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On the Milwaukee Bucks and Hope

Feb 3, 2014; Milwaukee, WI, USA; Milwaukee Bucks guard Giannis Antetokounmpo (34) drives past New York Knicks guard J.R. Smith (8) in the 4th quarter at BMO Harris Bradley Center. Mandatory Credit: Benny Sieu-USA TODAY Sports

The Milwaukee Bucks just finished up the worst season in franchise history and are under threat of relocation due to their outdated arena, but thanks to Giannis Antetokounmpo, the number two overall pick in this summer’s draft, and a couple of wicked rich new owners, fans in Milwaukee are as excited about basketball as they’ve ever been.

Long time residents in “NBA hell,” the Bucks haven’t made it past the first round of the playoffs since 2001, when Ray Allen and company carried them all the way to Game 7 of the Eastern Conference Finals. Since then, they’ve had only five playoff appearances, but only one pick above sixth—the first overall pick in 2005, which they used on Andrew Bogut. And we all know how that turned out.

It all changed this year, however. With the team nowhere near championship contention, fans got the next best thing: a swift bottoming-out that has netted them the second overall pick in a much-heralded draft. With one of Joel Embiid, Jabari Parker or Andrew Wiggins guaranteed to be around for the Bucks, there will be a bright young player taking his talents to Milwaukee next year.

Then there’s Giannis Antetokounmpo. The youngster out of Greece was the team’s first round pick last season and it took him just a few weeks to win fans over. Though he tailed off towards the end of the season, he showed countless flashes of brilliance—especially in the open court. As he continues to grow—both literally and in his game—he promises to be a big part of the Bucks’ future.

But all of that—the draft pick and Giannis—was irrelevant with the team playing in a dilapidated arena that Adam Silver declared unfit for the league. Owner Herb Kohl was committed to keeping the team in Milwaukee, but with public financing for a new stadium always going to be difficult to secure, the threat of relocation continued to grow stronger.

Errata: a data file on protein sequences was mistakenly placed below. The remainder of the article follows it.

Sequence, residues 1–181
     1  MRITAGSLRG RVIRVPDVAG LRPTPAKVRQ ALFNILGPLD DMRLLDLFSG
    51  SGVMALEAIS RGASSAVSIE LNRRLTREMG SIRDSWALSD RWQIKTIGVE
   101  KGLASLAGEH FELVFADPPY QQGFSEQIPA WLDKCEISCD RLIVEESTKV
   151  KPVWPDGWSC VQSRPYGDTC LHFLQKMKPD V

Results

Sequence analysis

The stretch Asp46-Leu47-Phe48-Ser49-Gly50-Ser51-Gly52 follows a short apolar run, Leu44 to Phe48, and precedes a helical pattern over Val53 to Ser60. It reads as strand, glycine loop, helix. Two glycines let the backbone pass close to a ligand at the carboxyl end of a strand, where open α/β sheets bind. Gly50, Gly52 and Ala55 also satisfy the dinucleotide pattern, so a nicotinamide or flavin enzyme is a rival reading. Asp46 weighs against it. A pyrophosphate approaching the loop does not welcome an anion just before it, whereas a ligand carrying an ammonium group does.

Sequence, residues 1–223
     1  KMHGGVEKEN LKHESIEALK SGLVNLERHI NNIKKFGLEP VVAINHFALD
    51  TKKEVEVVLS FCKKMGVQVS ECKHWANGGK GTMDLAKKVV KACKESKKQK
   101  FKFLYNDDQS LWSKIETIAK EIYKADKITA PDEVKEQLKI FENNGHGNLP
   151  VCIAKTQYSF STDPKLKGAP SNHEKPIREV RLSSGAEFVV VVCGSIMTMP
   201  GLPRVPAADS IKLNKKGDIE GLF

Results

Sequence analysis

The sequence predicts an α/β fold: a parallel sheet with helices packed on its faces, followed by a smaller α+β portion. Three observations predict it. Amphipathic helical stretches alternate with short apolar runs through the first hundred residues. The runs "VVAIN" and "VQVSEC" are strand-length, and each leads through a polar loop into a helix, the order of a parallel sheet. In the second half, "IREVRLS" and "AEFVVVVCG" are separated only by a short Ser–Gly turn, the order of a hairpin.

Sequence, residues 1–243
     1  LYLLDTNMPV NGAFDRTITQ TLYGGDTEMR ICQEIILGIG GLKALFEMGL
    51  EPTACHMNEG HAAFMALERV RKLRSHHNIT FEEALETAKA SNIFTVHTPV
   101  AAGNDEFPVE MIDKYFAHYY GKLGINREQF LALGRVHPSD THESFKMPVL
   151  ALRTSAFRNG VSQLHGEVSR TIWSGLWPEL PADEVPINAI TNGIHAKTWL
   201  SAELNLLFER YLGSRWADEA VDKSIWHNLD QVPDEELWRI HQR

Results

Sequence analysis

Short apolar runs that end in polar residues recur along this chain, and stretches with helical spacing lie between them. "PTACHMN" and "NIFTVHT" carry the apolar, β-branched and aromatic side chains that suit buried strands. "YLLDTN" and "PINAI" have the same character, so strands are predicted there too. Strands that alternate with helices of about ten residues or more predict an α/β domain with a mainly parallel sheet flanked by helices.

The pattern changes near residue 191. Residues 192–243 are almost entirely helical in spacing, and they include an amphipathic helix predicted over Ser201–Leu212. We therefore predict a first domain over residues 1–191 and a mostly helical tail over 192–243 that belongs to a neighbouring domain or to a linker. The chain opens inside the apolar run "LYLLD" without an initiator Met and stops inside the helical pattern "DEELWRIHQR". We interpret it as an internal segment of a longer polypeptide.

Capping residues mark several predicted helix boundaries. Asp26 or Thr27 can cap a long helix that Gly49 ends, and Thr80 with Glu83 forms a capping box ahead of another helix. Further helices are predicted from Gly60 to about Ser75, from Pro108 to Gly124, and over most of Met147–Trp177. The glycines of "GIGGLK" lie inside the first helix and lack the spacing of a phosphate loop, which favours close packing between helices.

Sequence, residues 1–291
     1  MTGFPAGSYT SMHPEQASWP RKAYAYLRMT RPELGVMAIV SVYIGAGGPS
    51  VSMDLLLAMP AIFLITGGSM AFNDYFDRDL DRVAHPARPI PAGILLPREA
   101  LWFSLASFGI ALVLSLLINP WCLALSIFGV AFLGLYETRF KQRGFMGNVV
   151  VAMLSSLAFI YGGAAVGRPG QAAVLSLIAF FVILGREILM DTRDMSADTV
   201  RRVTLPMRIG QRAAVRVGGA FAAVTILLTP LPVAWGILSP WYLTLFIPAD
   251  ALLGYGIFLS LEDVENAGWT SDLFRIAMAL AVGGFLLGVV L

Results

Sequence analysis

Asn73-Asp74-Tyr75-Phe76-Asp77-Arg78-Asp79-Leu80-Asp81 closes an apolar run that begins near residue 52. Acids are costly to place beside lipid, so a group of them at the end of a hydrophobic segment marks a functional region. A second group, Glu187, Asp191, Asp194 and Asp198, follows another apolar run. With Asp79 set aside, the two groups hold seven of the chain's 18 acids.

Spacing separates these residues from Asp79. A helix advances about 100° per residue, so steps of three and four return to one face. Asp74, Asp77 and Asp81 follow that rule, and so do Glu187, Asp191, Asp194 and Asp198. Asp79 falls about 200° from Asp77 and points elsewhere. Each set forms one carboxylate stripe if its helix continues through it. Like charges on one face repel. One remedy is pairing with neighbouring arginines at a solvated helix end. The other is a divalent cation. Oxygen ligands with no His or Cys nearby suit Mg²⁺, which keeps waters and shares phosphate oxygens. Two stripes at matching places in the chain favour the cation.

Enter Marc Lasry and Wes Edens.

Once Herb Kohl decided to sell the team, the two swooped in and purchased the Bucks for a cool $550 million. Their immense wealth brought a new sense of hope to the city. But hope is funny thing, and one that is tough to conceptualize. We hear about it all the time, but it’s rare that we get to see it in action. On Thursday night, however, I got that chance.

Along with a few blogger friends and hundreds of Bucks fans, I made my way downtown to a local bar to watch Game 5 of the Western Conference Finals and hang out with Lasry and Edens. The two arrived to a standing ovation, having to fight through a crowd of Milwaukeeans eager to greet them. Heading outside to the beer garden and outdoor bar (of which there are a lot of in Milwaukee), the duo made a few opening remarks before spending the rest of the beautiful night mingling with fans.

They accepted business cards, listened to draft ideas, took pictures and had conversations with countless fans for hours on end. A common theme throughout the night was the excitement and gratitude exhibited by each and every person at the event. Over and over again I heard fans tell Lasry and Edens how glad they were that the two had saved the team. I even told Lasry the same thing myself when I got the chance to shake his hand and chat for a few minutes with him and his son.

This was hope. Even with the new owners and the high draft pick and Giannis, the team still doesn’t have a new arena or a good roster, and it will be years before they have either. But none of the hundreds of fans filling the bar to capacity Thursday night were thinking about that. They were grinning from ear to ear about the Bucks’ future and relishing the rare opportunity to chat and share a beer with a couple of billionaires like they were just another guy you met at the bar who likes basketball. They were hatching plans for drafting Joel Embiid and having the next great center, or snatching up Andrew Wiggins and throwing out him and Giannis to form the most athletic and lengthiest (hi, Jay Bilas) wing duo the world has ever seen. They were happy. They were excited. They were hopeful.

And it’s been a long time since Milwaukee’s felt that way about the Bucks.

Jack Maloney